Julie F. Kay’s piece in Slate, “What the Irish Abortion Tragedy Means for the United States,” is the latest attempt to cast the death of a pregnant woman, Savita Halappanavar, in a Galway hospital as a cautionary tale for America. This is what would happen, the story goes, if Republicans succeeded in making abortion illegal except in cases where the mother’s life is threatened, as is the case in Ireland. Kay writes:
According to her husband, as Halappanavar’s health deteriorated, she had begged doctors for medically necessary treatment. Even after her doctors acknowledged that there was no chance her fetus would survive, they refused to terminate the pregnancy as long as they could detect even the faintest fetal heartbeat. Halappanavar slipped in to a coma from which she never recovered.
First of all, it has yet to be established that Halappanavar died because she was refused an abortion. The Irish government health service and an independent watchdog group are currently investigating what occurred. But let’s assume that it happened as Kay describes. It would appear, then, that the doctors involved failed to adhere to the Irish Medical Council’s guidance which stipulates that:
In current obstetrical practice, rare complications can arise where therapeutic intervention (including termination of a pregnancy) is required at a stage when, due to extreme immaturity of the baby, there may be little or no hope of the baby surviving. In these exceptional circumstances, it may be necessary to intervene to terminate the pregnancy to protect the life of the mother, while making every effort to preserve the life of the baby.’
Now, critics of Ireland’s law maintain that, in practice, there is no established framework for adjudicating what cases meet the threshold described in the guidelines as “a real and substantial risk to the life (as distinct from the health) of the mother,” and that doctors’ judgment may be influenced by fear of criminal prosecution. The European Court of Human Rights ruled in 2010 that Ireland was obligated to clarify the issue through legislation or regulation, and, as Kay notes, a committee of experts has just released a report with proposals for how it might do so. #more#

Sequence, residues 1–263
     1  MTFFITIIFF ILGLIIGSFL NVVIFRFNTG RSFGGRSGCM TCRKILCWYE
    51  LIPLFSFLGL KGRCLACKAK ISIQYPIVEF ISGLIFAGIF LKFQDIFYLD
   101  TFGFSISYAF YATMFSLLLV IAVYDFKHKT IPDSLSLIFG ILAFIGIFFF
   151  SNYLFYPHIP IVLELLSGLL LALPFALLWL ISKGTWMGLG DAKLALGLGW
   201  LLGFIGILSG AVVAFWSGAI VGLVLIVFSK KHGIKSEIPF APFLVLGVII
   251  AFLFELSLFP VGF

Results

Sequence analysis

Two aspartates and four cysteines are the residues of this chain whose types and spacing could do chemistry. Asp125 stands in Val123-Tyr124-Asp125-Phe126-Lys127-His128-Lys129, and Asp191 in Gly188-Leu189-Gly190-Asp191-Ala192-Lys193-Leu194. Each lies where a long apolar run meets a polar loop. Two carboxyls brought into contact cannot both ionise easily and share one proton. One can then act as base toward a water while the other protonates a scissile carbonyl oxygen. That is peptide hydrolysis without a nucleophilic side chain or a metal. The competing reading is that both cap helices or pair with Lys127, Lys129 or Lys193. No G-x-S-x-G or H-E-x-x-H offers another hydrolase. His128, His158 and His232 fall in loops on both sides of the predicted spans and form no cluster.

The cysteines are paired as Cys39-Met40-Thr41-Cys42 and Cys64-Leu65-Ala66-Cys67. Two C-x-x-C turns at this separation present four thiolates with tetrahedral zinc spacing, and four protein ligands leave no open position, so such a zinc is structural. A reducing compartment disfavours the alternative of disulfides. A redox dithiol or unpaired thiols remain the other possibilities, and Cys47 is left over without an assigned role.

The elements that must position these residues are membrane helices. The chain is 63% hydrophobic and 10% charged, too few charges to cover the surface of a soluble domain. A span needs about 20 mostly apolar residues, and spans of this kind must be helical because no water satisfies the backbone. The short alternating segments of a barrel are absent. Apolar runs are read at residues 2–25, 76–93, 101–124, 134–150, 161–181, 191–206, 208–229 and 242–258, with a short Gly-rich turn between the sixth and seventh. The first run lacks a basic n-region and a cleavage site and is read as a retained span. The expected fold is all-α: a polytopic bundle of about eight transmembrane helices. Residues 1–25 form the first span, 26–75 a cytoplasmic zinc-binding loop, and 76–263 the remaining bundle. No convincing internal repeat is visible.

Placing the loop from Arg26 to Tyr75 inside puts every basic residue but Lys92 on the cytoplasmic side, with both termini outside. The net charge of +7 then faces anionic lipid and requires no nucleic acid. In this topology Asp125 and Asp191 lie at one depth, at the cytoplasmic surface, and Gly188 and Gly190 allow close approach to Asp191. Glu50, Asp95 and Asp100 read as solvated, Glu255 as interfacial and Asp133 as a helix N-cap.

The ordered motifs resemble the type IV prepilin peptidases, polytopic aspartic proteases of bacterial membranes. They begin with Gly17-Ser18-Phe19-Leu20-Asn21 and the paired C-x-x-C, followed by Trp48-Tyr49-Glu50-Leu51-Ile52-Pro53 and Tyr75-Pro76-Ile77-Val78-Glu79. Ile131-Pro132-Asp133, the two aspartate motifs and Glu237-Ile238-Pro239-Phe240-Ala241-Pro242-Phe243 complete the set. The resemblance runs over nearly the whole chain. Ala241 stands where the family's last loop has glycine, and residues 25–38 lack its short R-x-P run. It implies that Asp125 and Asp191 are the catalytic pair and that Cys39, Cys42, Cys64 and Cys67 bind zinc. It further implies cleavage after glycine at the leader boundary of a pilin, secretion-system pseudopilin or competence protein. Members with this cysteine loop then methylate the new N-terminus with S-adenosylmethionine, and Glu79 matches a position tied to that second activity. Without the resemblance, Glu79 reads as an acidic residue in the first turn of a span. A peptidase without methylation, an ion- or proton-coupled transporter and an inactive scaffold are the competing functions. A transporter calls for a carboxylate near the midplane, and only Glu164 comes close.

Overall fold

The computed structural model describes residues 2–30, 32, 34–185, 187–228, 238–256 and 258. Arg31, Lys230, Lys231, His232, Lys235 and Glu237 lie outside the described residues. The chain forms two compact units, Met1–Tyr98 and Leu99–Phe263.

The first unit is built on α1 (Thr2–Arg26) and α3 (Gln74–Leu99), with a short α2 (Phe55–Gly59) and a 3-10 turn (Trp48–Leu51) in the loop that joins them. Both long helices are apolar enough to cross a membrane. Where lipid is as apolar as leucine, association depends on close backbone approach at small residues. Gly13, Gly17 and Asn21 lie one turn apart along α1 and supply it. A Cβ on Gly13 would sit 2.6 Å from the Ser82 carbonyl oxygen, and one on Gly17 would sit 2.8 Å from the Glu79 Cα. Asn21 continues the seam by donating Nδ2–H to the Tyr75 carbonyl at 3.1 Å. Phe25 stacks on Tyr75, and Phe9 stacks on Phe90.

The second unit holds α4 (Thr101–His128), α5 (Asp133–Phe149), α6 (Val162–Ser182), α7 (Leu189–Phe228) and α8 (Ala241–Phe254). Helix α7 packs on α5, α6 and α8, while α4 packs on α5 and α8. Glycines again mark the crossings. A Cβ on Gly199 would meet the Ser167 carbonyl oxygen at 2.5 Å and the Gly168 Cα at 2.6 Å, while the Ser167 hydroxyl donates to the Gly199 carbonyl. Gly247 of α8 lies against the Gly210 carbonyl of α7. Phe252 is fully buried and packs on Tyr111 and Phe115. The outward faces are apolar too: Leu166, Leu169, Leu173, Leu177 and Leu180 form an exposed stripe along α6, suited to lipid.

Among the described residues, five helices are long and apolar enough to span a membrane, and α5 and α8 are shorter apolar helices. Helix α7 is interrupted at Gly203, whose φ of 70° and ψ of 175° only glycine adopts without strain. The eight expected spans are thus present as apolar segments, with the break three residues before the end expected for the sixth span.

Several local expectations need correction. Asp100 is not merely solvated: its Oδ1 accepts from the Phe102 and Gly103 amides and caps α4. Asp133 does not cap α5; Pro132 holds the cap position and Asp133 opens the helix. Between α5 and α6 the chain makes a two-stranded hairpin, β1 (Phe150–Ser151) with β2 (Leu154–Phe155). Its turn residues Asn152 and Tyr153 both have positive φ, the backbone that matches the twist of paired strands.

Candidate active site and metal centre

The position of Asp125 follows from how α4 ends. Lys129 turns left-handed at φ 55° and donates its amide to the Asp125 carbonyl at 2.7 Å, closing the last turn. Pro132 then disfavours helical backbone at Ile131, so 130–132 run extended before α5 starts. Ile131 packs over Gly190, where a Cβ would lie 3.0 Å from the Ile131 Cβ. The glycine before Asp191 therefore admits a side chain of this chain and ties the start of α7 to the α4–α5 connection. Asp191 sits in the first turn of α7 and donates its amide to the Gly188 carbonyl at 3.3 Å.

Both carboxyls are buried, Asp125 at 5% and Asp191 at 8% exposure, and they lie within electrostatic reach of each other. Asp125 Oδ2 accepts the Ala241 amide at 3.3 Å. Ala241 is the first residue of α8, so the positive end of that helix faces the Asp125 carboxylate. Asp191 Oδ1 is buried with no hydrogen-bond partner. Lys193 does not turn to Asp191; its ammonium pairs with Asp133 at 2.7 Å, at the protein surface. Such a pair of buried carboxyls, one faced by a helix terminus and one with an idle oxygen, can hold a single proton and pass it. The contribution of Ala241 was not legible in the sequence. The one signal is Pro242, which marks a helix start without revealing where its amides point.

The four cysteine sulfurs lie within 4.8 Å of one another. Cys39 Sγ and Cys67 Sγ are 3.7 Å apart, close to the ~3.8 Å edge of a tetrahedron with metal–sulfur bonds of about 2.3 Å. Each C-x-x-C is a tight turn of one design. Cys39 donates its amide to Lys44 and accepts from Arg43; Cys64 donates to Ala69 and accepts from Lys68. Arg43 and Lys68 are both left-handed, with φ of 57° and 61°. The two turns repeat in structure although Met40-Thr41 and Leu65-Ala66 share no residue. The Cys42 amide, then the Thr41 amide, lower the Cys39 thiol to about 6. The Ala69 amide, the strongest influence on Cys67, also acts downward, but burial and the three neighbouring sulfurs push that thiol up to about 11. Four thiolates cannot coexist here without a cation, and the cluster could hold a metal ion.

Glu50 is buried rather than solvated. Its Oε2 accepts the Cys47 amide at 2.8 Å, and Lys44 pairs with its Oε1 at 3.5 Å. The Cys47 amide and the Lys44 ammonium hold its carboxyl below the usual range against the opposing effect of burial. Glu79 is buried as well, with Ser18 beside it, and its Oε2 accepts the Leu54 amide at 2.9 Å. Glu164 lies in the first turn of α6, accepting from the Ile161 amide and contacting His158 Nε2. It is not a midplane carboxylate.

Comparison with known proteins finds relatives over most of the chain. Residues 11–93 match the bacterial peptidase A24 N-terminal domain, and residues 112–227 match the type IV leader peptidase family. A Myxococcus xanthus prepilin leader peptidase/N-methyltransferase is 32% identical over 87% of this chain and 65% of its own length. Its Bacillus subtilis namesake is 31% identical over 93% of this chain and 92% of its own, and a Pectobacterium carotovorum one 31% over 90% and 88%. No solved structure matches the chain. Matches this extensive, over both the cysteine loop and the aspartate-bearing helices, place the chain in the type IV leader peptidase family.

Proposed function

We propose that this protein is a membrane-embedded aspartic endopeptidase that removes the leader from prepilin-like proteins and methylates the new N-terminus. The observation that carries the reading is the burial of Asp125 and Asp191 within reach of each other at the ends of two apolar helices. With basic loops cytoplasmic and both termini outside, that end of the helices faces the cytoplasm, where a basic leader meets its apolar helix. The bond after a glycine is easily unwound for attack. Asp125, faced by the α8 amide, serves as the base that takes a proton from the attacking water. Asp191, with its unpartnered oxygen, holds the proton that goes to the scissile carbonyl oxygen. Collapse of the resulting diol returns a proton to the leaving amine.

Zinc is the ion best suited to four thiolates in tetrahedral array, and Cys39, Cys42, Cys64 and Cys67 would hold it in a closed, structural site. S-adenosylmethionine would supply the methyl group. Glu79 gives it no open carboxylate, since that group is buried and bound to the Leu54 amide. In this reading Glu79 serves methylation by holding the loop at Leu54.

Kay avers, however, that the problem lies with any attempt to make “a bogus distinction between preserving a woman’s life or her health more generally.” But this distinction is a crucial one for any law that actually seeks to protect the life of the unborn child. A law that privileges the “health” of the mother over the unborn life — a law that could, for example, enable the taking of that life to avoid mental distress on her part — obviously fails to accord equal status to both lives. That legal equality is, of course, precisely what proponents of abortion oppose.
Ta-Nahesi Coates is groping toward a recognition of this disagreement when he writes at The Atlantic:
There is a chilling intellectual consistency in the behavior of Halappanavar’s doctors, and pro-life activists who we dismiss as “extremists.” Either abortion is murder, or it isn’t. If you believe the former then Halappanavar’s doctors were quite correct — they refused to murder a baby to save its mother.
He is mistaken that a consistent pro-life position requires that abortions be viewed as “murders.” The law recognizes multiple types of homicide for a reason, and in the circumstances Coates is discussing there is clearly no malicious intent.
It should also be noted that Republicans do not gain anything by denying, as recently defeated congressman Joe Walsh did, that it is medically possible for such hard cases to exist. As with rape, pointing out their rarity does not address the question of what should be done when they do occur.
So, what does Savita Halappanavar’s tragic death mean for the United States? Not very much. Ireland has an 1861 criminal law prohibiting abortion, a right to life enshrined in a constitutional amendment, some additional amendments to that amendment, and a handful of court cases interpreting all these. This is very different from the legal landscape in the U.S.: We have Roe v. Wade. If it were overturned and the right to legislate on abortion returned to the legislatures (and state courts), it is unlikely that Congress or most states would pass laws prohibiting abortion in all circumstances save a threat to the life of the mother. Those legislatures that did would have an opportunity to craft laws that could be clearly implemented.
Savita’s death may have been medical malpractice, and the doctors treating her may have acted contrary to Irish law. That isn’t clear yet. What does seem clear is that her sad case provides little evidence that the United States’ adopting protections for unborn life would result in similar tragedies.